HONORIUS,

for the first time since its capture by the Gauls, under Brennus, B. c. 390 ; and the barbarians ac­ quired a permanent settlement in the provinces; the Visi-Goths, the Franks, and the Burgundians, in Gaul; and the Suevi, Vandals, and Alans, in Spain ; while Britain and Armorica became vir­ tually independent. The vigour of Theodosius the Great, and the energy of Stilicho, had deferred these calamities for a while; but the downfal of the latter left the remote parts of the empire de­ fenceless; and all the military ability of Constantius just protected Italy, and preserved with difficulty some portions of the transalpine provinces. Ho­ norius, shut up in Ravenna, appears, from an anec­ dote preserved by Procopius, as resting, however, on report only, and repeated with some variation by Zonaras, to have looked on these calamities with apathy. When Rome was plundered by Alaric, a eunuch who had the care of the poultry of Honorius announced to him that " Rome was destroyed " ('Pafyii? cwroAwAe). " And yet she just now ate out of my hands," was the reply of the eny"?ror, referring to a favourite hen, of unusual size, which he called " Rome." " I mean," said the eunuch, " that the city of Rome has been de­ stroyed by Alaric." " But I/' said the emperor, " thought that my hen ' Rome ' was dead." " So stupid (adds Procopius) do they say this emperor was." Yet, weak and stupid as he was, he re­ tained his crown, so firmly had the ability of Theo­ dosius fixed the power of his family. (Zosimus, v. 58, 59, vi. ; Orosius, vii. 36—43 ; Olympiodor. apud Phot. Bibl. cod. 80 ; Claudian, Opera, passim; Marcellin. Chron.; Idatius, Fasti and Chronicon ; Prosper Aquitan. Chron.; Prosper Tiro, Chron. ; Cassiodor. Chron.; Chron. PascJial, pp. 304—313, ed. Paris, vol. i. pp. 563—579, ed. Bonn ; Pro­ copius, De Bell. Vand. i. 1—3 ; Jornandes, De Reb. Getic. c. 29-^32 ; Socrat. 77. E. vi. 1, vii. 10; Sozom. H. E. viii. 1, ix. 4, 6—16 ; Theodoret. PL E. v. 26 ; Theophan. Chronog. pp. 63—72, ed. Paris, pp. 116—130, ed. Bonn ; Zonaras, xiii. 21 ; Gothofred. Chronol. Cod. Theodos.; Tillemont, Hist..des Empereurs, vol. v.; Gibbon, ch. 29, 30, 31, 33 ; Eckhel, vol. viii. pp. 171—174 ; Ducange, Famil. Byzanlinae.) [J. C. M.]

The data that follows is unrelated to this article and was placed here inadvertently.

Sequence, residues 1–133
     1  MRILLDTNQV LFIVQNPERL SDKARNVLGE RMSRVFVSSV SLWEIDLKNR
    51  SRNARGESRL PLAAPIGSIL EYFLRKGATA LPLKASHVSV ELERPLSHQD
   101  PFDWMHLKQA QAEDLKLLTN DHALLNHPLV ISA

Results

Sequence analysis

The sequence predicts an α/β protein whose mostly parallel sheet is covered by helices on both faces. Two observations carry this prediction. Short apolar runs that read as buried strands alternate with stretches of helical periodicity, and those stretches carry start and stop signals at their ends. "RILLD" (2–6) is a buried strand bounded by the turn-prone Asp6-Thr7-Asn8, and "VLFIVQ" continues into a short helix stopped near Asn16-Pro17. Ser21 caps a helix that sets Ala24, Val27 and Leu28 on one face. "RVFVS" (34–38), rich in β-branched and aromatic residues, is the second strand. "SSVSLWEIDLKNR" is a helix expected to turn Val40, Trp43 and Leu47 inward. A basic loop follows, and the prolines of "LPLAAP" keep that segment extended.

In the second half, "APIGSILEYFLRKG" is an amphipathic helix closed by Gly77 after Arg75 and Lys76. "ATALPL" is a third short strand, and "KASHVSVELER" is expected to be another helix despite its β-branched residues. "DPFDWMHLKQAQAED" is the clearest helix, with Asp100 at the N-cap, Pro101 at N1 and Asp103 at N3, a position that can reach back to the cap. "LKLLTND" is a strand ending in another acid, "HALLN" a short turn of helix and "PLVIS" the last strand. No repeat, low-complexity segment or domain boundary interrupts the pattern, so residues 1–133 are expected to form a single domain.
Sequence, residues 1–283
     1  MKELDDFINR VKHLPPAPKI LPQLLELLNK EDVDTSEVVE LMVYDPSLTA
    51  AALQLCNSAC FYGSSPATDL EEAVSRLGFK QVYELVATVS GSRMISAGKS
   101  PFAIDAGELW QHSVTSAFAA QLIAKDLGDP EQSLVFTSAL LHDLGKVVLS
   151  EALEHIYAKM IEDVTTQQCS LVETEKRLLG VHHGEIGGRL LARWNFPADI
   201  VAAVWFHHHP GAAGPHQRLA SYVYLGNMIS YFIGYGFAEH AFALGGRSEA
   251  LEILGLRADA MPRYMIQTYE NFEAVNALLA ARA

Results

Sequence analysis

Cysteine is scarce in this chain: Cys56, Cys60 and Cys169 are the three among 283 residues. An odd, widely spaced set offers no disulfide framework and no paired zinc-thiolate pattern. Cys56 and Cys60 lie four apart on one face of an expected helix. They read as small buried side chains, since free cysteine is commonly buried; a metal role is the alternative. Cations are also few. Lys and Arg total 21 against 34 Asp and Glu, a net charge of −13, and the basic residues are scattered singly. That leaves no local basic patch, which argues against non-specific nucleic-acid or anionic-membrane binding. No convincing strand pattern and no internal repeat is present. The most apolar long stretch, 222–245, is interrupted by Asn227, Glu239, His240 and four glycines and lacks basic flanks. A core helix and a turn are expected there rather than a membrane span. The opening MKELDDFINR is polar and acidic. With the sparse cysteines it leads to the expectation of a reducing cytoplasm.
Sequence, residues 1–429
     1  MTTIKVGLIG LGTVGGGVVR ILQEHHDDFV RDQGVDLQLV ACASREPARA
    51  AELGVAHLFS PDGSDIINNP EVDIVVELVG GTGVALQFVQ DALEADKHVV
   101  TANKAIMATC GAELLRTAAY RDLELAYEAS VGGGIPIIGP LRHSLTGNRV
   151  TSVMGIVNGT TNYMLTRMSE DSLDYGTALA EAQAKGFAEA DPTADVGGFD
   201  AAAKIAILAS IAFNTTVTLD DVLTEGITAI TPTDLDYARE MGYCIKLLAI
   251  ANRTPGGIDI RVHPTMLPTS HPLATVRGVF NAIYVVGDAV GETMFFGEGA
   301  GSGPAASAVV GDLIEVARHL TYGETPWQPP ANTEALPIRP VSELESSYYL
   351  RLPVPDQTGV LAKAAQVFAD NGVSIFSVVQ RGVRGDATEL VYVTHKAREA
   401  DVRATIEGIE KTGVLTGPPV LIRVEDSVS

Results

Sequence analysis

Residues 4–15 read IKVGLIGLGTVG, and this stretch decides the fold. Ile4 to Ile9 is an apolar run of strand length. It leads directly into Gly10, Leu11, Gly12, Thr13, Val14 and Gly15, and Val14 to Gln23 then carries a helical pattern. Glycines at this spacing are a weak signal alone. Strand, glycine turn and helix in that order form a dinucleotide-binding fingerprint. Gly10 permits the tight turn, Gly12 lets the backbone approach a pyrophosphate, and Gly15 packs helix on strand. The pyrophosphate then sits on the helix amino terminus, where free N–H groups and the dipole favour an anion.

COIN OP HONORIUS.

HONORIUS, JU'LIUS, the name prefixed to a short geographical tract first published by J. Gronovius, in his edition of Pomponius Mela (Lug. Bat. 1685), from an imperfect MS. in the Thu-anean library at Paris, under the title Julii Honorii Oratoris Eoecerpta quae ad Cosmographiam per­tinent. According to the arrangement here adopted, the world is divided into four Oceans, the Eastern, Western, Northern, Southern (Oceanus Orientalis, Occidentalism Septentrionalis, Meridianus)^ and a catalogue is given of the seas, islands, mountains, provinces, towns, rivers, and nations contained in each, furnishing nought save a bare enumeration of names, except in the case of the rivers, whose source, termination, and occasionally length of